3. “Turn On Your Love Light” — Single Version (Stereo) by Bobby “Blue” Bland
If you ever come to a get-together at my grandmother’s house, you will likely hear this song.
4. “I Wanna Be Down” by Brandy
See reference in Chapter 1.
5. “The Rain (Supa Dupa Fly)” by Missy Elliott
See reference in Chapter 3.
6. “Sometimes I Feel Like A Motherless Child” by Sister Rosetta Tharpe
Sister Rosetta Tharpe is the godmother of rock ‘n’ roll, aside from being one of the first stars of gospel. Her version of this song still makes me cry, sometimes.
7. “Walk with Me” by Martha Bass
There is nothing like an old-school hymn, at least the way we used to sing them. That way is largely gone. Tragic.
8. “Meet the Parents” by Jay-Z
Jay-Z was the most relevant (and genius) storyteller of my childhood, and this song is one of his masterpieces. My friends and I listened in awe, and in appreciation that somebody seemed to be talking to us.
9. “Futura Free” by Frank Ocean
A review of “Miracles” said, “Often, the book reads like an attempt to reconstitute the community, and communicate the experience, that the narrative of singularity would pluck him out of.” Which is a more intellectual (though no less true) way of saying that I really wanted to re-feel how the experience of being a kid, with my friends — that joy, that free-ness, even though we were, in many ways, “lost boys” that had been forgotten by the world, or even our parents. Frank does that beautifully in this song.
10. “Bad Religion” by Frank Ocean
Frank Ocean’s “Channel Orange” is, for me, the most important cultural event of the past ten years. The way he brings original, genius artistry to the beauty and challenge of loving another boy … sets the standard.
11. “Whereareyougoing” by Musiq Soulchild
Musiq Soulchild was my go-to love counselor as a teenager, for better or worse.
12. “I Told Jesus” by Roberta Flack
13. “School Spirit” by Kanye West
Kanye West sent a message to me and my friends, when “College Dropout” released (my junior year in high school): “’You can go to college, sure. But don’t play yourself.” Major. Loved this album, but took much longer to learn the lesson.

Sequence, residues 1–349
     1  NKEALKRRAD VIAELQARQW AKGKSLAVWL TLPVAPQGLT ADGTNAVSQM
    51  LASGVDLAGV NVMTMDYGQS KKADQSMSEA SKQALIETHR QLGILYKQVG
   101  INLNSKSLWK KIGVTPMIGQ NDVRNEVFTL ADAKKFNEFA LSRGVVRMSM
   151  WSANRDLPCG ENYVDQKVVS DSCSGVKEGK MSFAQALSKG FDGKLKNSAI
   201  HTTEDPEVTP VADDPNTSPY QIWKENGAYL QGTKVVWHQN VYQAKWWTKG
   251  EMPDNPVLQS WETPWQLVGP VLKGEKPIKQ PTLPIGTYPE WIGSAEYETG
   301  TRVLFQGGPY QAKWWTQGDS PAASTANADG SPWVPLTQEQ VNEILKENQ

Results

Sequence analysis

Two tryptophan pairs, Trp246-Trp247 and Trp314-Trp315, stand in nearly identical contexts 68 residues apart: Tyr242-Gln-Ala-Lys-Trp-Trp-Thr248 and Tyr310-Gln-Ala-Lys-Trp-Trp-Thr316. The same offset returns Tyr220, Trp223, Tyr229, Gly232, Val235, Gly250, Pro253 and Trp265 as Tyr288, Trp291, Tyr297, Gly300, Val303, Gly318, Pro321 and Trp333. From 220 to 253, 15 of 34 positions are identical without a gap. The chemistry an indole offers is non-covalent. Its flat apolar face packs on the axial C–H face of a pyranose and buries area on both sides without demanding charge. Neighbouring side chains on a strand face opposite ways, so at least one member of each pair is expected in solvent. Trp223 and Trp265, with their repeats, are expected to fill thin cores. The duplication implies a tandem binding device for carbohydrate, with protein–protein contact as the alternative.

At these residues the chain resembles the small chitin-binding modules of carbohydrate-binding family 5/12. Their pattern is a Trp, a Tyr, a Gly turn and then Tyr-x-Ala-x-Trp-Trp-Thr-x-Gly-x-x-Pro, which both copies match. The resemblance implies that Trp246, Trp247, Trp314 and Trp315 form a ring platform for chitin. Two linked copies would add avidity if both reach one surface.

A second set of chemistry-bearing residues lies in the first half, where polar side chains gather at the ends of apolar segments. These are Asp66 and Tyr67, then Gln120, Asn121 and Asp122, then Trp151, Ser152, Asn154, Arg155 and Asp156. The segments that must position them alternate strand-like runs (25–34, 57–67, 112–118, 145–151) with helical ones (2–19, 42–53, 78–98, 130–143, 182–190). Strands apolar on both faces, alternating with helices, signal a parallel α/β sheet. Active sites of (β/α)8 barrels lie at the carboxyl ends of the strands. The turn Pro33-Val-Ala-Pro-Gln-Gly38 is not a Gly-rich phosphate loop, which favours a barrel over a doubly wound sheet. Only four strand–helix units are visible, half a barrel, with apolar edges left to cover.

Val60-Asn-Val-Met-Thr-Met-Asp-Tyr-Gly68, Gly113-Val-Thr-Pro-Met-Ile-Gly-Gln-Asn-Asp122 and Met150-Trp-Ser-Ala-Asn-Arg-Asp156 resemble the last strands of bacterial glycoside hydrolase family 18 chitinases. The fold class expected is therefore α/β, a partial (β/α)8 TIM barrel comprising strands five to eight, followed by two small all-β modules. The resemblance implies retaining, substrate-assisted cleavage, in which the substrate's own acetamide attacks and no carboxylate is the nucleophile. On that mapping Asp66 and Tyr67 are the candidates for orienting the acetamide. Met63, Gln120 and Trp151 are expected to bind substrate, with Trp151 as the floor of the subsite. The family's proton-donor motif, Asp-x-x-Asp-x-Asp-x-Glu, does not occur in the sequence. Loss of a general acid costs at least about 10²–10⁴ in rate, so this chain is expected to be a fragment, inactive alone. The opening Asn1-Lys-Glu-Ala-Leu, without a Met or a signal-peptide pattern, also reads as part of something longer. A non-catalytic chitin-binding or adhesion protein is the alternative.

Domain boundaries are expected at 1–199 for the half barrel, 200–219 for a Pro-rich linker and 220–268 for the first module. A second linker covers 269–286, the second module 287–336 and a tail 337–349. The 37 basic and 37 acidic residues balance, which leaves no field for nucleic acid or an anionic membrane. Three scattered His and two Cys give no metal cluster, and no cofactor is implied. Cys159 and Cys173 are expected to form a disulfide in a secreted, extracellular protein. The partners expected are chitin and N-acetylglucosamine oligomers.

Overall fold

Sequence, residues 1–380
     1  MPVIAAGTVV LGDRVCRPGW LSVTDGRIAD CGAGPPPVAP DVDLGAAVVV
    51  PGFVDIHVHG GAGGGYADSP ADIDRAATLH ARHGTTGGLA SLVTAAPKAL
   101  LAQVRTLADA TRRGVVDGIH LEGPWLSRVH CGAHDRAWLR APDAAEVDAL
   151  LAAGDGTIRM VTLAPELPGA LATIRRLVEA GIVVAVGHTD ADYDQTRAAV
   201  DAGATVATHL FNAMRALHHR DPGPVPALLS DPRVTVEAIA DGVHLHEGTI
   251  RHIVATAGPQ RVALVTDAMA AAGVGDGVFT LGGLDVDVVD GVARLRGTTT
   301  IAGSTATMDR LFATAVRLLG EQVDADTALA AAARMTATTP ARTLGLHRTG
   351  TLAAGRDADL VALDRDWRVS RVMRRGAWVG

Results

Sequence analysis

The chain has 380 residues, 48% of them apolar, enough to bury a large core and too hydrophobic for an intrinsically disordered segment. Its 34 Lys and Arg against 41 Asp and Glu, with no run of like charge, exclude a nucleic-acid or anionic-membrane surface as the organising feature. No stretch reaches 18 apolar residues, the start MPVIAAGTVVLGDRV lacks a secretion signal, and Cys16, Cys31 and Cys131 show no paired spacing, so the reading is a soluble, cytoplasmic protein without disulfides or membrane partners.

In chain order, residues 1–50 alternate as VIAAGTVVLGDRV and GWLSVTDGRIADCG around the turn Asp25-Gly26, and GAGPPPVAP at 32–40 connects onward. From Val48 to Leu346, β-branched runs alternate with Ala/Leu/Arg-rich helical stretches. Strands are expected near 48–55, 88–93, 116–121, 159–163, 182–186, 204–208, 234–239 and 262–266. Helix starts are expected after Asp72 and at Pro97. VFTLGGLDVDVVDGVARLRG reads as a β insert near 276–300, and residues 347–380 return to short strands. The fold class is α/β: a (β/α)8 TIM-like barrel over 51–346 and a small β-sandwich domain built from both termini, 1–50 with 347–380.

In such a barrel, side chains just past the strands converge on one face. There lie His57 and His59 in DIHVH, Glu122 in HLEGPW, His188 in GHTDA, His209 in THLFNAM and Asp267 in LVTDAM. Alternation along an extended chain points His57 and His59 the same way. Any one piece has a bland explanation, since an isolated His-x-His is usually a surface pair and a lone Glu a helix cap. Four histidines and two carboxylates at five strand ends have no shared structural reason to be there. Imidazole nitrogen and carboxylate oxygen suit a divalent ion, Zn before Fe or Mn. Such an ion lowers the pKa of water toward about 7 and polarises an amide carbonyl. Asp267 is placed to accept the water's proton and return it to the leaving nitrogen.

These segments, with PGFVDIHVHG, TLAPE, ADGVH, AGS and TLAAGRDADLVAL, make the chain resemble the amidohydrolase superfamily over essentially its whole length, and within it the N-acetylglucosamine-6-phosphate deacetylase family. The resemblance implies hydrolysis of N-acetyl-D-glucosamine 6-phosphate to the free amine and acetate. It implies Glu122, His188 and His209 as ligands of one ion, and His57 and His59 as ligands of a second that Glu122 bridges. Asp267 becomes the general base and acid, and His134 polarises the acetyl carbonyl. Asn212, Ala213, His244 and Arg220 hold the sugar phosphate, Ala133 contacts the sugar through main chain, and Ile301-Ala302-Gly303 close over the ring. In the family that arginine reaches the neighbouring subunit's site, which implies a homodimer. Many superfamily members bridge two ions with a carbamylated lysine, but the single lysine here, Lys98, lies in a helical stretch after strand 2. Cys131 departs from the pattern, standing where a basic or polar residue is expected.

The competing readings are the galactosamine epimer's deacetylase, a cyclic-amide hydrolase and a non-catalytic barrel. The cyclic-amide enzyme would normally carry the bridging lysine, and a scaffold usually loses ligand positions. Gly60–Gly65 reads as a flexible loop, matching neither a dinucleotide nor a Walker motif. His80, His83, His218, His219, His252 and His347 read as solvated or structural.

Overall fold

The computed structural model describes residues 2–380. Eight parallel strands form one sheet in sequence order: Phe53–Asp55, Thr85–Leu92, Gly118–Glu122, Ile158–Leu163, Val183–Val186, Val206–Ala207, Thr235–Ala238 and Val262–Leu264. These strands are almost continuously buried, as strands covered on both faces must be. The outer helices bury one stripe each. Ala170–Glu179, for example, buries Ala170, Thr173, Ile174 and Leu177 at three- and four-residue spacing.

14. “Dontchange” – Album Version (Edited) by Musiq Soulchild
See reference in Chapter 15.
15. “Prototype” by OutKast
See reference in Chapter 15. Also, here’s the version I sang to River, by Jazmine Sullivan:
16. President John F. Kennedy’s “Moon Speech“
Aside from Gettysburg, this is the best presidential speech ever. Or, at least, JFK’s best speech. An early draft of Chapter 20 began with a primer on presidential speeches, just because I love them so much. That was revised away, thankfully. Over time it became clear that what I was primarily trying to do with the chapter is to trace the current disintegration of the post-war liberal-democratic order of the West. Which is an unnecessarily complicated way of saying I wanted to try to understand and explain why the world seems to have gone to s**t.
17 & 18. “I Get Out” and “I Remember” — Live by Lauryn Hill
These two songs, from Ms. Lauryn Hill’s “Unplugged,” mirror the spirit and intention of “Miracles”—this attempt to remember and to rebel, which I believe have to be linked, if they will last.
19 & 20. “Stardust” by Nat King Cole and “Stardust” by Louis Armstrong
I wanted to do with “Miracles” what Louis Armstrong did with “Stardust.” Listen to these two versions, and you’ll see how he took a jazz standard (a pretty boring one, IMO) and blew it open. Who wants to go back to the old Stardust?